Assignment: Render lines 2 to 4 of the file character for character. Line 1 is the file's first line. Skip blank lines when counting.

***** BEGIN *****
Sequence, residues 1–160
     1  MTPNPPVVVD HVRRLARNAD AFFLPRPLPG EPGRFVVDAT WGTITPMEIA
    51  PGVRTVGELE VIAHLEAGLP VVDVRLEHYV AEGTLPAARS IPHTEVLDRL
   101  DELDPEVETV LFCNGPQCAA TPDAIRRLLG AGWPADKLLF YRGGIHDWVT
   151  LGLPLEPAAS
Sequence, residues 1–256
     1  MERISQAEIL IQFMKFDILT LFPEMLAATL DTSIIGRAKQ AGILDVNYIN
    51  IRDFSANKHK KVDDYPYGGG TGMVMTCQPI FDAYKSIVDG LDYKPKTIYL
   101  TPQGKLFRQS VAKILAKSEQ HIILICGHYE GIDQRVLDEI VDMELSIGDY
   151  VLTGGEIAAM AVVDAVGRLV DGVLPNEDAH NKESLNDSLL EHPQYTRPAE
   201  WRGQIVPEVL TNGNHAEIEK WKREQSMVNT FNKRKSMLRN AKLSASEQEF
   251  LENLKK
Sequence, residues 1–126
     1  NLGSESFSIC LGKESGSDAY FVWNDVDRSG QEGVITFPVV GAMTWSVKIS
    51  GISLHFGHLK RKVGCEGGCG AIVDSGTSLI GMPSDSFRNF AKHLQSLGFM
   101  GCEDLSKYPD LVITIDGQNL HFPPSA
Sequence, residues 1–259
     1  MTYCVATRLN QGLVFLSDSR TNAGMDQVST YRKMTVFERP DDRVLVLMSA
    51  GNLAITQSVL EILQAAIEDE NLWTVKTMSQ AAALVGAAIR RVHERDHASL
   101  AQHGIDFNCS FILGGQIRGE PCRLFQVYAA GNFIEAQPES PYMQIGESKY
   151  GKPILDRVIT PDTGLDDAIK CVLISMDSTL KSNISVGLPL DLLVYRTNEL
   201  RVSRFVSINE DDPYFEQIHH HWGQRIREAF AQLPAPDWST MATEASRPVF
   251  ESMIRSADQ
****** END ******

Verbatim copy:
     1  MTPNPPVVVD HVRRLARNAD AFFLPRPLPG EPGRFVVDAT WGTITPMEIA
    51  PGVRTVGELE VIAHLEAGLP VVDVRLEHYV AEGTLPAARS IPHTEVLDRL
   101  DELDPEVETV LFCNGPQCAA TPDAIRRLLG AGWPADKLLF YRGGIHDWVT